14, 1855; treaties of August 2, 1855 (11 U, S. Stats., p, 633), and of October 18, 1864 (14 U.S. Stats,, p L’Anse reservation: L’Anse and Vieux do Bert bands of Chippewas of Lake Superior, area 19,324 acres, or 30 square miles; treaty of September 30, 1854 (10 U. S. Stats., p.1109); the residue, 33,360 acres, allotted.
Ontonagon reservation: Ontonagon band of Chippewas of Lake Superior, area 678 acres, or 1 square mile; sixth clause, second article, treaty of September 30, 1851 (10 U. S. Stats., p. 1109); executive order, September 25, 1855; residue, 1,873 acres, allotted.
Total, 27,319 acres, or 42.5 square miles.
Indian Population June, 1890: 5,624, miles; executive order, May .657); the residue allotted.
There are now living on this reservation, as nearly as could be ascertained, 460 Indians, most of whom are Chippewas. A few Ottawas and Pottawatomies reside here, but they are considered members of the tribe and call themselves Chippewas. The Indians are scattered in little groups throughout the different townships, and the Chippewa dialect is universally spoken. With the exception of a very few old men and women they are of mixed blood. All wear citizens’ dress. The civilized Indians are not polygamists, nor are the pagans avowedly so, though they profess to believe in the doctrine. Sixty families own houses, 8 of which are frame and 52 log, which are for the most part well built. With these there is generally a patch of ground upon which vegetables and corn are raised. Very little, if any, produce is marketed. There are no Indian schools, but a majority of the children attend district schools and are said to be as bright as ordinary white children. Twenty-six pupils from this reservation are now at the Indian school in Carlisle, Pennsylvania, It is estimated that 50 adults and 100 under 20 years of age can read. While many of the male Indians can speak English sufficiently for ordinary use, they are very suspicious and reticent, and when questioned about their condition, habits, and religion they either remain silent or profess not to understand. They have 4 churches, worth perhaps $300, 3 of which are log cabins and the other an old frame building. The membership is 300,288 of whom are of the Methodist Episcopal and 12 of the Roman Catholic denomination. The latter have no church. There are 4 half-breed preachers, who are appointed by the Methodist Episcopal annual conference, and the services are conducted in the Chippewa language.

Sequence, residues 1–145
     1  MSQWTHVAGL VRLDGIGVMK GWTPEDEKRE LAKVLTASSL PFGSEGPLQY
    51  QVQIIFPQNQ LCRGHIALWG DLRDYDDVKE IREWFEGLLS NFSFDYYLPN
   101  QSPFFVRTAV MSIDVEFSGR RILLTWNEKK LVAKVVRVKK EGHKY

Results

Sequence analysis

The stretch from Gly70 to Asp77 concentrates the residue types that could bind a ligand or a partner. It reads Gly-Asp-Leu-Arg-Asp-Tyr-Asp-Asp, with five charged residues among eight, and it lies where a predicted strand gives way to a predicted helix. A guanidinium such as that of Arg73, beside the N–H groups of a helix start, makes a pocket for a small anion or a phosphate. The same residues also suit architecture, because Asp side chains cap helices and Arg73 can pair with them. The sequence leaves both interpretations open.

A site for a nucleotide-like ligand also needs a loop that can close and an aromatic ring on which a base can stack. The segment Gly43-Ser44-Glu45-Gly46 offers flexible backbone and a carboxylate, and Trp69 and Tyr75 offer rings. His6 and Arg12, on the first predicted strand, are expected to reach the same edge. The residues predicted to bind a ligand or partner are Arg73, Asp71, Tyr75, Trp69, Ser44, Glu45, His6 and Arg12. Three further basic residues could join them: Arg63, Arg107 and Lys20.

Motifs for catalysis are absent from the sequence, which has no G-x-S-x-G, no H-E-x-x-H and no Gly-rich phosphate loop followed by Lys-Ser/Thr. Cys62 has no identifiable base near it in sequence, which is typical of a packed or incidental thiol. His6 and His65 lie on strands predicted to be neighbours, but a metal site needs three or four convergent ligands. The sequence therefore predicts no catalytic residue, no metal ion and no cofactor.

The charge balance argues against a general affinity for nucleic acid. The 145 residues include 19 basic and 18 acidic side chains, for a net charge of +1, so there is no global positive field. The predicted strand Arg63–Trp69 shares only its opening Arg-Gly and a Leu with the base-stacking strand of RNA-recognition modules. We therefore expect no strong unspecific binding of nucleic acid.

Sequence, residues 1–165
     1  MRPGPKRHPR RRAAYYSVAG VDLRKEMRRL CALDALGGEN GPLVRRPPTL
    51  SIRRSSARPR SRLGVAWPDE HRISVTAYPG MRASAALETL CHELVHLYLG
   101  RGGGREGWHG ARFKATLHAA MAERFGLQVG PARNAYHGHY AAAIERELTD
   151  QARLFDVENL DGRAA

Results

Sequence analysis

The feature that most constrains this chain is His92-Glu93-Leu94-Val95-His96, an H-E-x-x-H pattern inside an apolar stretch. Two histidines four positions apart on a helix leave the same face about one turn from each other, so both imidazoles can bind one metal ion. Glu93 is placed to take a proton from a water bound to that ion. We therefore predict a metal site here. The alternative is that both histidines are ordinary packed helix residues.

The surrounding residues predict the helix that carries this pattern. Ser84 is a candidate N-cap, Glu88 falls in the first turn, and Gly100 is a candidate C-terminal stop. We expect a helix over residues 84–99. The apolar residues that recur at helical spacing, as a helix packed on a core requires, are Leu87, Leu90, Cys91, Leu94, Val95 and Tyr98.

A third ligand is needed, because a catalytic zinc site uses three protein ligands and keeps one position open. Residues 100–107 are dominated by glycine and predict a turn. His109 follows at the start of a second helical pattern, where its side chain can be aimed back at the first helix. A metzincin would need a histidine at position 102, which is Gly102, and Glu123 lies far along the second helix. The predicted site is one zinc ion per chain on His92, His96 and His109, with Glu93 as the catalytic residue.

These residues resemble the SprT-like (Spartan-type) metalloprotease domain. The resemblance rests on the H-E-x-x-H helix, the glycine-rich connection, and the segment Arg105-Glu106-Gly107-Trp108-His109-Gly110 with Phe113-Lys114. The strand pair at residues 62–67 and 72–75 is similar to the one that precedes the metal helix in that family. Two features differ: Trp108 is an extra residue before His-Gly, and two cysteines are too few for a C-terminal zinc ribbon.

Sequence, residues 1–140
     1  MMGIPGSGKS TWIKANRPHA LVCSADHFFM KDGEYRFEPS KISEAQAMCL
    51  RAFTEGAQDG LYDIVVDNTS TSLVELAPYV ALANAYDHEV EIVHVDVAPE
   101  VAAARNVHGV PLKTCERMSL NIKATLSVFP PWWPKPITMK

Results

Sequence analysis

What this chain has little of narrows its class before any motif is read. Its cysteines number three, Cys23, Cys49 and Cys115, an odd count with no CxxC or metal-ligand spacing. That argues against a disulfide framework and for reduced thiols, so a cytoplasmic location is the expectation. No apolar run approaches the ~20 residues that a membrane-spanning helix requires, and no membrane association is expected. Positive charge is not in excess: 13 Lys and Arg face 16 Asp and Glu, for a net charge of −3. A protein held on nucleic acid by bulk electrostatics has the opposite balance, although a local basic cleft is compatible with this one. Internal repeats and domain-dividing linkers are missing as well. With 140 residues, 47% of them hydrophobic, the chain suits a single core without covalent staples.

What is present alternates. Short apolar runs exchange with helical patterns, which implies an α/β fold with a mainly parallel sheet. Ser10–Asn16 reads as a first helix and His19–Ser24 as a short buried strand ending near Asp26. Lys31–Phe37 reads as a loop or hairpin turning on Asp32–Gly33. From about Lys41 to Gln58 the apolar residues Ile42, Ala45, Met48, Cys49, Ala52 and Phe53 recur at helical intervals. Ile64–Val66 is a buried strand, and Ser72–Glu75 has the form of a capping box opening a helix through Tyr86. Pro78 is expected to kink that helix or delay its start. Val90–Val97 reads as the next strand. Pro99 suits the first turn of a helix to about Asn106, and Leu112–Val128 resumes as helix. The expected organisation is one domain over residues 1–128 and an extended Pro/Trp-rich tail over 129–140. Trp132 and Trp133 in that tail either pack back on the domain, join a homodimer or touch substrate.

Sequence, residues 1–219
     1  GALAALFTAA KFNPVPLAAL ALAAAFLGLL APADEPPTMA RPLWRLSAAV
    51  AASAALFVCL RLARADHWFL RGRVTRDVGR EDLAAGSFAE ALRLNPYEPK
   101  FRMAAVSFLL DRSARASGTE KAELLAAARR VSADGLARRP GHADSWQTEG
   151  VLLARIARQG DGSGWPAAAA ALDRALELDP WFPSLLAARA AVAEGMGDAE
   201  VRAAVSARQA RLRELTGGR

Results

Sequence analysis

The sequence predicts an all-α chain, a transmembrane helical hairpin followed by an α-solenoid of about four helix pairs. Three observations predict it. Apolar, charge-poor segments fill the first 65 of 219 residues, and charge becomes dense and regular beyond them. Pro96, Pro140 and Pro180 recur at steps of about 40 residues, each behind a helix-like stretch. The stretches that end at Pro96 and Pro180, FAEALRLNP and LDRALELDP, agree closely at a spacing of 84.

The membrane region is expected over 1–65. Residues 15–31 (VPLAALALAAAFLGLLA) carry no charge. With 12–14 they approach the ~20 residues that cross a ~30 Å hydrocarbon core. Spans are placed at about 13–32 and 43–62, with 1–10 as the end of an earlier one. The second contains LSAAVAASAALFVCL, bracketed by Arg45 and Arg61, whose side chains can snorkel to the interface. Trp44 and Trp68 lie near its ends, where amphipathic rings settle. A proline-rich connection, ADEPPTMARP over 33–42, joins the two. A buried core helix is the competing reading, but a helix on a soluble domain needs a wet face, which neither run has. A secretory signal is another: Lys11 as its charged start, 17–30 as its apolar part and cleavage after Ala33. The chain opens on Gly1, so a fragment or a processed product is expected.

The tribe is decreasing. The principal disease is consumption, always attributed to exposure, want, and disease contracted by mixing with white men. On being interrogated as to whether they were not more exposed when in a savage state, they replied: “Yes but we were hardier and had never been taught to wear white men’s clothes. Now we have got used to them, and are often without enough to cover ourselves, and thus suffer more than the white man. Besides, we had many furs”.
There have been 10 deaths during the year, 1 adult and 9 children, all in the pagan settlement.
In the opinion of the nominal chief, Joseph Bradley, there are 0 white families now living here unlawfully, cutting timber and farming in a small way, who claim to occupy under homestead law. Others have been here, cut the timber, and moved away. According to figures given by one of the chief men there are yet 5,480 acres of land belonging. to the tribe, distributed as follows:
Nottawa township, 1,200
Denver township, 920
Isabella township, 1,500
Wise township 520
In a remote part of Nottawa township is a band of pagan Indians consisting of 8 families, in all 32 persons. All are discontented and miserable. They do a little work when they can obtain employment at manual labor, and manage to exist in a forlorn, hopeless way. They are sickly, and have no stock except a pair of ponies belonging to the chief, A-ken-bel, who is quite intelligent, and who says his people are willing to work if they could be sure of’ their lands, which he claims the white men obtained under false pretenses. This is also the general complaint of the civilized Indians.
The pagans have festivals and war dances, during the performance of which they are dressed in native costumes, which are carefully preserved for these occasions. There is a marked difference between the appearance of the pagan and civilized Indians, the advantage being greatly with the latter.
While the Indians of the reservation have improved mentally, they have degenerated physically. A large majority are entirely improvident, saving nothing. A few own farms, employ a number of men, and have horses, cattle, and other stock. Some are very intelligent and well educated and own good houses in town and in the country. The question of morals seems to be a disputed one, they claiming to possess a fair share of morality, while their white neighbors generally do not agree with them hi this particular. That there is an almost universal taste for intoxicating liquors appears to be conceded on all sides. They are peaceable and honest.
The land of the reservation is generally of good quality, and if cleared and properly farmed would be quite productive, but they have not the capacity for prolonged labor of ally description. The greater portion say that they were happier and more prosperous while under the care of time government than at present. They are discontented.